h3c ch ch ch2 ch2 ch3        ch3  ch3  h3c ch2 ch=ch ch2 ch2 ch3                               ch3 ch3 ch3 ch2 ch2 ch2 ch2 ch ch2  Name the compounds.

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to understand the naming of the following coumpounds that you had, always remember that we should always have to take in the consideration to :

1. locate the longest chain

2. the location of the substituents

3. types of the substituesnts

4. priority rules

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1. 2,3 dimethylhexane (2 and...

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to understand the naming of the following coumpounds that you had, always remember that we should always have to take in the consideration to :

1. locate the longest chain

2. the location of the substituents

3. types of the substituesnts

4. priority rules

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1. 2,3 dimethylhexane (2 and 3 stand for the methyl group which was attached to the parent chain which is hexane. apparently it was a "di" because there are two methyl groups attached.)

2. hept-3-ene OR 3-heptene (the double bond is in the third carbon).

3. 2-methyloctane (the methyl group is on the second carbon. we cannot name this as 7-methylloctane because we prioritize the smaller value which is 2 for 2-methyloctane)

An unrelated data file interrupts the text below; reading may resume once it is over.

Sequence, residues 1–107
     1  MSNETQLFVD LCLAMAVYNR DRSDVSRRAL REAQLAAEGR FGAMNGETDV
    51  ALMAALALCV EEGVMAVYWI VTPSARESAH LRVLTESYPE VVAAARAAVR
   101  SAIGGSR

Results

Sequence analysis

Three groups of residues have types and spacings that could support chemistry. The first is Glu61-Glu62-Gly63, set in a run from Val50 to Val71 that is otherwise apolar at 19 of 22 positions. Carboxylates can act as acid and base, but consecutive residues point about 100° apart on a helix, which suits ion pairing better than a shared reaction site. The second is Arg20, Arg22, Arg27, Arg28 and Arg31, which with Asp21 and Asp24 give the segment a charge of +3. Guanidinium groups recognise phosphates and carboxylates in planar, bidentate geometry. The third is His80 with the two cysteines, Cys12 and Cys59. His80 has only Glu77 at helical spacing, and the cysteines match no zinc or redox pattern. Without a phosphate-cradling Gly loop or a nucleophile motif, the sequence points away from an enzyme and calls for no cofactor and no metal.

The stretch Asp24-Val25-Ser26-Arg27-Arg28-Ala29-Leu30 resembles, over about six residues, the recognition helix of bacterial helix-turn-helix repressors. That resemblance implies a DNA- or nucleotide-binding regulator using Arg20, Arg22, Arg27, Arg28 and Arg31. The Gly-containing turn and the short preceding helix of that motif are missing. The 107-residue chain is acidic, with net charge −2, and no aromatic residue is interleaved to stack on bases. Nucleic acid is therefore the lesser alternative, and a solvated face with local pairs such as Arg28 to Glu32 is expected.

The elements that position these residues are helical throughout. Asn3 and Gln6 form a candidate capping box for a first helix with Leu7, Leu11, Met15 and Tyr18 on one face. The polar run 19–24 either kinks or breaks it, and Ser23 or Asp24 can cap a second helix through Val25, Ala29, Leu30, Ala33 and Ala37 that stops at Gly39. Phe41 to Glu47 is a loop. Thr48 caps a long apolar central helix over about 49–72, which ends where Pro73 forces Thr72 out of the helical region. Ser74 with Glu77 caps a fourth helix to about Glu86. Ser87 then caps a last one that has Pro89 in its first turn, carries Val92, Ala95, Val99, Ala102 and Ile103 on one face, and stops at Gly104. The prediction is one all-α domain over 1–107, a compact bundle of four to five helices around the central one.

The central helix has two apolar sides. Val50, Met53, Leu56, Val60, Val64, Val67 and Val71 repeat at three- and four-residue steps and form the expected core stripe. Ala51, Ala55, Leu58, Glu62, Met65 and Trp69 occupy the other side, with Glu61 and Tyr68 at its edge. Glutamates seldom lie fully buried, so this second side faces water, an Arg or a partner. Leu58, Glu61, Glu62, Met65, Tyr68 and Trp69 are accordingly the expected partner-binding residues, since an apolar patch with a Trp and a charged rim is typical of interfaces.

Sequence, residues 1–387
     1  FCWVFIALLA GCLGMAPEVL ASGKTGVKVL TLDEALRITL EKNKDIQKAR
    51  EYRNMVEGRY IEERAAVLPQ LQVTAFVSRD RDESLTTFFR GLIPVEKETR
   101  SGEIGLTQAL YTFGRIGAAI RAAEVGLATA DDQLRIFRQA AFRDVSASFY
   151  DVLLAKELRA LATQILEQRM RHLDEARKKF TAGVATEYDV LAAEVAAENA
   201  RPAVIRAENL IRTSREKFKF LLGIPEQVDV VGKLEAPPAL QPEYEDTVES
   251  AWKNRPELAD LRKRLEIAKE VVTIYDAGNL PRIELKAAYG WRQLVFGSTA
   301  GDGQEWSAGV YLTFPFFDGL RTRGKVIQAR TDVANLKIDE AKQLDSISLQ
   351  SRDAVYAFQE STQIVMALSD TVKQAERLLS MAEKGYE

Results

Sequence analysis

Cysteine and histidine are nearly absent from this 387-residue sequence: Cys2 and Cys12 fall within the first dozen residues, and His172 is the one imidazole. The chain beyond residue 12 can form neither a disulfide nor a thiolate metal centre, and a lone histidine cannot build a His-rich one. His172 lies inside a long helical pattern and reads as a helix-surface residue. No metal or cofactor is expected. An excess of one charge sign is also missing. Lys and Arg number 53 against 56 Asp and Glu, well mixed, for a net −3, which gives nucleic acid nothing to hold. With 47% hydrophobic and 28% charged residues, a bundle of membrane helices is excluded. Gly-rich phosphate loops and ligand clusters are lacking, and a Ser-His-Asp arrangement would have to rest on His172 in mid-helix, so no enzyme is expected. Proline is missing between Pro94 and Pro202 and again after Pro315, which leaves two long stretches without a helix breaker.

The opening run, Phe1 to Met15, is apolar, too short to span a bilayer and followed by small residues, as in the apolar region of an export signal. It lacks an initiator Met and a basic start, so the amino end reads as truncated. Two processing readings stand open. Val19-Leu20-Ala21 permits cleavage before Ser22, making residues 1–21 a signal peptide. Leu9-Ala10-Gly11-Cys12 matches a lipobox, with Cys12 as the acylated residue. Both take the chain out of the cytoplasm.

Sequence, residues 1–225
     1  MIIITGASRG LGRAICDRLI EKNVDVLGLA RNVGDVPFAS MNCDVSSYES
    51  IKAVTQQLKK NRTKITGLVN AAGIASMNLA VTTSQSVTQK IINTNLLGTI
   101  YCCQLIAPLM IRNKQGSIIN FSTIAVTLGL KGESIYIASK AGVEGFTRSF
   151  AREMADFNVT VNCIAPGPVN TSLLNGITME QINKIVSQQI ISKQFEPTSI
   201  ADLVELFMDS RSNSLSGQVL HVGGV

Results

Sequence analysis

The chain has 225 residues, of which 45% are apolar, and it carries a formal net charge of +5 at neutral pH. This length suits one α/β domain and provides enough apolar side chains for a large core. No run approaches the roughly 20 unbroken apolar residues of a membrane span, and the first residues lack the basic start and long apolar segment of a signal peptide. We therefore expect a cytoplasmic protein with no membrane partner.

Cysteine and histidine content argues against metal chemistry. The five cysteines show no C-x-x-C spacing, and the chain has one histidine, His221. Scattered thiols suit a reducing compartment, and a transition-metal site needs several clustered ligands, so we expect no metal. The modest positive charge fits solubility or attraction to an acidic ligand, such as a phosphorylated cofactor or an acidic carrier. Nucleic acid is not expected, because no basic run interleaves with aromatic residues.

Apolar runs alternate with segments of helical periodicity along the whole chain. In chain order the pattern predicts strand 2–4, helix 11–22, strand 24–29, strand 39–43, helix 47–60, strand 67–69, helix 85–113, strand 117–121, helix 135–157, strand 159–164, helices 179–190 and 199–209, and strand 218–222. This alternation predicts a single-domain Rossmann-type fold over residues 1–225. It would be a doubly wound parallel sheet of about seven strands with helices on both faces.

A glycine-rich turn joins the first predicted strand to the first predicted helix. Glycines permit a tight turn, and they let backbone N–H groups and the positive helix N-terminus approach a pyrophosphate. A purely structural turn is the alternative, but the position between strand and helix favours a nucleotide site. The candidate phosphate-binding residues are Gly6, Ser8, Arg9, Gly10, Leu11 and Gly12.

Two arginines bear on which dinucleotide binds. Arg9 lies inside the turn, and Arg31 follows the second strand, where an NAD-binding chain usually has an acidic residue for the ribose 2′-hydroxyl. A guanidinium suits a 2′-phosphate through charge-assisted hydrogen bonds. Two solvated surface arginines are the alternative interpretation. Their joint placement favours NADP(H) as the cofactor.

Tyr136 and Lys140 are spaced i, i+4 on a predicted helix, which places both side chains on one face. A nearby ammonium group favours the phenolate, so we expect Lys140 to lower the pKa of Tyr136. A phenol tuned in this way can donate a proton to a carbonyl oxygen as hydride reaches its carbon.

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All these compounds are substances called hydrocarbons.  They are called such because carbon and hydrogen are the two chief elements in their molecular makeup.  There is an entire branch of chemistry called organic chemistry that studies the structure and properties of hydrocarbon substances.  Hydrocarbons are named for the number of carbon atoms in their primary chain, sometimes called the 'backbone" of the molecule.  Any other structures are indicated by their location on the specific number of whatever carbon atom they are attached to.

So, that being said, here we go:  compound #1 has a backbone of six carbon atoms, making it a hexane.  It also has two methane groups. on the second and third carbons.  We would correctly refer to these as methyl groups and indicate what number carbon they are attached to, so the correct name for this compound is 2,3-dimethylhexane.  Compound #2 has a double bond between carbons 3 and 4, making it an alkene.  It has 7 carbon atoms, so we would simply indicate the location of the double bond and call it 3-heptene.  Compound #3, I am assuming the lone CH3 is misplaced and should be directly above the next-to-last carbon (CH), which would make sense.  The two CH3 groups I am hoping is a misprint as well, the second one should be a CH2.  This one we would indicate the location of the lone methyl group, which would be on carbon number 2 (always count for the lowest number).  The name of the compound 2-methyloctane.

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